Culture Secretary Oliver Dowden has warned the Government could take action unless the Premier League and the English Football League are able to come to an agreement to get through the coronavirus pandemic.
Mr Dowden said he was "quite sceptical" about the Project Big Picture plan unveiled at the weekend.
Project Big Picture, the brainchild of Liverpool and Manchester United, includes plans to reduce the Premier League to 18 teams, giving greater power to the 'big six' and abolishing the League Cup and Community Shield.
It also proposes EFL clubs will receive an immediate £250million rescue package and a 25 per cent future annual share of Premier League revenue.
"If we keep having these backroom deals and all these other things going on we will have to look again at the underlying governance of football," he told Sky News.
"We promised in the ( general election ) manifesto a fan-led review and I must say the events I have seen the past few weeks have made this seem more urgent again.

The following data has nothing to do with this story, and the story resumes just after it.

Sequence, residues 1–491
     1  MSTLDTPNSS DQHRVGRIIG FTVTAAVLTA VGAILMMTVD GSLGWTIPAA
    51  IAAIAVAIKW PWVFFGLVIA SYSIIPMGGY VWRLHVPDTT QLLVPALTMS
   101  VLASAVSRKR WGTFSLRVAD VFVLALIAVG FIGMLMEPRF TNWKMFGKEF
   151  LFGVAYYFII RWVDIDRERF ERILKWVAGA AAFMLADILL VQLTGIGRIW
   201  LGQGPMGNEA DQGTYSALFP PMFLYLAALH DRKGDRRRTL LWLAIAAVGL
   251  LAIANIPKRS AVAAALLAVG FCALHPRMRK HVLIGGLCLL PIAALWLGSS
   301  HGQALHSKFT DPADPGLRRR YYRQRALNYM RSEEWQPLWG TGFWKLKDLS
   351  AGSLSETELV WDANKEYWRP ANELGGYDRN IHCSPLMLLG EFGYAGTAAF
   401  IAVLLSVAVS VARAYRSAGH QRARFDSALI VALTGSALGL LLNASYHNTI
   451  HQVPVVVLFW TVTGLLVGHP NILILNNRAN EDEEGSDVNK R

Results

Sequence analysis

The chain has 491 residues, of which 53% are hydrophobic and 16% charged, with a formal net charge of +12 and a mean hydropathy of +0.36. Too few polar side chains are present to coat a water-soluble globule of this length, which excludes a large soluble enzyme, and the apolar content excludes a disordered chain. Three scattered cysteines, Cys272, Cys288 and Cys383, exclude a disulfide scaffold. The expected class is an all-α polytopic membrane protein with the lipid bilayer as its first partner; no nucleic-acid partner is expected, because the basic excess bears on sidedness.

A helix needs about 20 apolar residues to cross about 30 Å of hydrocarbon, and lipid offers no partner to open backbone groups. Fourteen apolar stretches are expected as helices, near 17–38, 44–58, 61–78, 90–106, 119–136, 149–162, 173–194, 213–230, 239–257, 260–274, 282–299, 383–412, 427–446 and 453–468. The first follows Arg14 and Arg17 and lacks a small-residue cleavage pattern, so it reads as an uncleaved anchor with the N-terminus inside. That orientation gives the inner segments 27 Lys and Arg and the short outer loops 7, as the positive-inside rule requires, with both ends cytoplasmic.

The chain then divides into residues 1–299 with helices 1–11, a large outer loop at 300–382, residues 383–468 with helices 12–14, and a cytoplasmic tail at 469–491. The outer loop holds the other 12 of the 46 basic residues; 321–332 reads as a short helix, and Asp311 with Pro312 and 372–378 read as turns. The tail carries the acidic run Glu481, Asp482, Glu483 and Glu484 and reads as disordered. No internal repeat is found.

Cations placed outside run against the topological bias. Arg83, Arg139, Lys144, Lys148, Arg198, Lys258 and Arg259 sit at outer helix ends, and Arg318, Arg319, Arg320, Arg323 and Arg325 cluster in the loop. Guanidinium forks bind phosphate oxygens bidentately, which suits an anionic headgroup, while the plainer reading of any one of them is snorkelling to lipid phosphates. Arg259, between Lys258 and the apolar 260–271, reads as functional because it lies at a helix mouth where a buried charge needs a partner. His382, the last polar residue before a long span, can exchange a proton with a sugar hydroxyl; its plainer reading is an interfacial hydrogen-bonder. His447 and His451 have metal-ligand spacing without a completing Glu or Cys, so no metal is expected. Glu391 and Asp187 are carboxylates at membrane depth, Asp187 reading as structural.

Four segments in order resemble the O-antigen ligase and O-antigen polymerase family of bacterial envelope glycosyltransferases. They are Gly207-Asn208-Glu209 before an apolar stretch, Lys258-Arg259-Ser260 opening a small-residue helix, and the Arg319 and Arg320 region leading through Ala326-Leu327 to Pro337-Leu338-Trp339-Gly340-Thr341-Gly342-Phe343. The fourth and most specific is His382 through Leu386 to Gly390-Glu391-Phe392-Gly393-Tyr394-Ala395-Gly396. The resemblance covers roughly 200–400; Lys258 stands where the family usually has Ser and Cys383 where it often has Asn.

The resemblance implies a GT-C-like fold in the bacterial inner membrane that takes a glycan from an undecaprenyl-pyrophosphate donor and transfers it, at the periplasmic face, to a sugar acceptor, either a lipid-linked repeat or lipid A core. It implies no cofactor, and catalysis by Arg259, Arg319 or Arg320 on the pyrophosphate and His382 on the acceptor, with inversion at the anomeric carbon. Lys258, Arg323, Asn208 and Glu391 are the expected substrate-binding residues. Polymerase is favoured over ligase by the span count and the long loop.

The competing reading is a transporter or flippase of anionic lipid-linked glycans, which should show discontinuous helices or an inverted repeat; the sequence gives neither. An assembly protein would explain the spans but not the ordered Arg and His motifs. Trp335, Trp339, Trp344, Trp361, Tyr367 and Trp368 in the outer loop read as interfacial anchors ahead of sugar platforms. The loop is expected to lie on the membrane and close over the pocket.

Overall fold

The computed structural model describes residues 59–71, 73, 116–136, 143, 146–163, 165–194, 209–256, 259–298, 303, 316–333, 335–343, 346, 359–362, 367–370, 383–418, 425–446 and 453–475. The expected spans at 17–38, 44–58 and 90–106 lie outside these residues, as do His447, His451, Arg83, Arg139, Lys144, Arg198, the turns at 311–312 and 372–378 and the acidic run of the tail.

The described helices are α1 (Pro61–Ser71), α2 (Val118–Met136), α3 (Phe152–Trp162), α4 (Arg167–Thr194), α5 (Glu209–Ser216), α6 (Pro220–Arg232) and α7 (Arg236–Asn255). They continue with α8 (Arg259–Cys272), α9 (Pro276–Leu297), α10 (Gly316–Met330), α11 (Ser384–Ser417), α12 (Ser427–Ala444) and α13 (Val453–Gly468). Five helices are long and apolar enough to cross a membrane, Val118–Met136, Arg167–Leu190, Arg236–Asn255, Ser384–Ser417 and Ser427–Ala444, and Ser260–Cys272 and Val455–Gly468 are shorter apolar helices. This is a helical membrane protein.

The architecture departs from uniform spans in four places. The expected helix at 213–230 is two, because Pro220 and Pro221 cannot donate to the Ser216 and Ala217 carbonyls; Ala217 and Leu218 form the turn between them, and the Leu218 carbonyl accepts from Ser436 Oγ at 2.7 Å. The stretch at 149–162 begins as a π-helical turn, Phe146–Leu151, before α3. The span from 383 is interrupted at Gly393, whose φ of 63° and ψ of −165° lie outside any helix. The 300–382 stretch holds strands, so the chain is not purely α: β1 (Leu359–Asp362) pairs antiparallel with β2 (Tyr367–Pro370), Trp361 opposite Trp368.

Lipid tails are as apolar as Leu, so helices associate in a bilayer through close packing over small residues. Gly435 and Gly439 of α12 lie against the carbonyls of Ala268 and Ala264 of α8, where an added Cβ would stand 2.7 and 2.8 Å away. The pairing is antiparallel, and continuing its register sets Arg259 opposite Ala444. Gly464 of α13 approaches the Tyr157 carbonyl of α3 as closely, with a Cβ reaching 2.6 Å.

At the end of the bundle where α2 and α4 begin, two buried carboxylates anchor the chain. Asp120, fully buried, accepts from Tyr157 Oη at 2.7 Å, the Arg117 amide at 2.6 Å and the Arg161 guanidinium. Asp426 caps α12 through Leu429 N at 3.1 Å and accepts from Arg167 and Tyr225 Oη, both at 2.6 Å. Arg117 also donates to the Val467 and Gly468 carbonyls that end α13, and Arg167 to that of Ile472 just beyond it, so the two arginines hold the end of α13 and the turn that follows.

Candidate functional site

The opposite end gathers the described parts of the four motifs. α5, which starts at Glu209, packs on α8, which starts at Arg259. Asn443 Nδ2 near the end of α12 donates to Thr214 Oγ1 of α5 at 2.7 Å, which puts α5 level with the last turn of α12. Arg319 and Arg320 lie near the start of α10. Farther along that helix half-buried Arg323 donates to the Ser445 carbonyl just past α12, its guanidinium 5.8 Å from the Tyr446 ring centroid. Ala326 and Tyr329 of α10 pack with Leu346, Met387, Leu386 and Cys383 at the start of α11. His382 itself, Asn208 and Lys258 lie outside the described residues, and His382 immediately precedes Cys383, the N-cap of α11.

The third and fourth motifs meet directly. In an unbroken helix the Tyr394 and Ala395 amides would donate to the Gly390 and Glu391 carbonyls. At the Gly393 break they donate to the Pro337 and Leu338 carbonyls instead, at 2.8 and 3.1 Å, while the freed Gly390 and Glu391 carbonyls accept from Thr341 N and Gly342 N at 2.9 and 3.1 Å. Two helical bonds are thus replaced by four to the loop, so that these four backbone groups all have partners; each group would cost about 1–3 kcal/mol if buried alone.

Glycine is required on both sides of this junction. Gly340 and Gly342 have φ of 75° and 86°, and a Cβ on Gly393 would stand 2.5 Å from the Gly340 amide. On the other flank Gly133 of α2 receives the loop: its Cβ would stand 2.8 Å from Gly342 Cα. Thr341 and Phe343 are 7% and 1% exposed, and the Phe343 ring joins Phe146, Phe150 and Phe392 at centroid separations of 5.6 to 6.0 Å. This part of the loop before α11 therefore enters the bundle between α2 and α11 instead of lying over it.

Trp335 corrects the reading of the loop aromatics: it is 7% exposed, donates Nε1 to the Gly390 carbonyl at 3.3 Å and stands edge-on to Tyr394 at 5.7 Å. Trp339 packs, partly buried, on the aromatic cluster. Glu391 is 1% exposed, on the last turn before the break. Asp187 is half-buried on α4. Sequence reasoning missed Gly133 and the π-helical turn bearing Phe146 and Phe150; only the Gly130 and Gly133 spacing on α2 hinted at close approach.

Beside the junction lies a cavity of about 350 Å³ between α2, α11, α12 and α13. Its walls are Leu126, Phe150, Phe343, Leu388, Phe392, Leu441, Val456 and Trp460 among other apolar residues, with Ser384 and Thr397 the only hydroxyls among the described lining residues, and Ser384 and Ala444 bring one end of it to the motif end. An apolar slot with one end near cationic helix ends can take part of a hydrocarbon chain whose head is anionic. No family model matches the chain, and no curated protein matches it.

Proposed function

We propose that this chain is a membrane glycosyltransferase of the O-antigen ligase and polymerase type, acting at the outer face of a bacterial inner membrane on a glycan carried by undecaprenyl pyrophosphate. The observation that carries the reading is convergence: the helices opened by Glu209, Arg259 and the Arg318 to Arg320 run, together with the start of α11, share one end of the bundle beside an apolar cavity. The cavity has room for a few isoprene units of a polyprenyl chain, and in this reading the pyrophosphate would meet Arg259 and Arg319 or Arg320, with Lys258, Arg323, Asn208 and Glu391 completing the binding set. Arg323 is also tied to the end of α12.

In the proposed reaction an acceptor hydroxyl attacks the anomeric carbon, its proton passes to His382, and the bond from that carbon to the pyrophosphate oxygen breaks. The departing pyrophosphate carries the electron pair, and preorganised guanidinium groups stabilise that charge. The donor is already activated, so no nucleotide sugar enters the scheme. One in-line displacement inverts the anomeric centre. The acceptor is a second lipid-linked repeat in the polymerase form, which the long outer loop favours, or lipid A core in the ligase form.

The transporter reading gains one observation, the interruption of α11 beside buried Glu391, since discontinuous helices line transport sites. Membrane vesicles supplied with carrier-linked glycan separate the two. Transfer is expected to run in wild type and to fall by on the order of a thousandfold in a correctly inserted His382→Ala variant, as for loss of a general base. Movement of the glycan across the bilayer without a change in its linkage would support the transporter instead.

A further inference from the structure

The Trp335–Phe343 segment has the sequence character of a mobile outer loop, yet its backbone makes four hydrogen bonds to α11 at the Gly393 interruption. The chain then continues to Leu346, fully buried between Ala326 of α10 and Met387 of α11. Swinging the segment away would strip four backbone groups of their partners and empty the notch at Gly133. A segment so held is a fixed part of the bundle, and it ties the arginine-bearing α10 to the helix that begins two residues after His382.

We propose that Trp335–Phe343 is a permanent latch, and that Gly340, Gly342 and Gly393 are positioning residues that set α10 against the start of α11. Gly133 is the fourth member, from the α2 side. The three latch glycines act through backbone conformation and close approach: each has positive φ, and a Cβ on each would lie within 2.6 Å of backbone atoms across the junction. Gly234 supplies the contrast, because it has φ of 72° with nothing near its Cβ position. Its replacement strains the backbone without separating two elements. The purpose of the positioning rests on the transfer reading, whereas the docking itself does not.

"Unless the clubs and the Premier League and the EFL can get together urgently in order to support the game through this difficult period of time it does raise genuine questions about the governance of the sport."
EFL chairman Rick Parry has defended radical plans to overhaul the English top flight after they were criticised by the Government and the Premier League.
Parry insists Project Big Picture has been designed "for the greater good of English football", offering the best chance of securing the future of clubs outside the top flight.
Salford co-owner and former Manchester United defender Gary Neville said on Monday "there is too much good in this plan to dismiss it" and added on Twitter however many Premier League clubs are unhappy should be worked with.
"There are parts of the proposal that require negotiation," he said. "Let's get round the table please PL/EFL/FA/FSF. If it suits 9 PL clubs and maybe 72 EFL clubs then let's work with the other 11."
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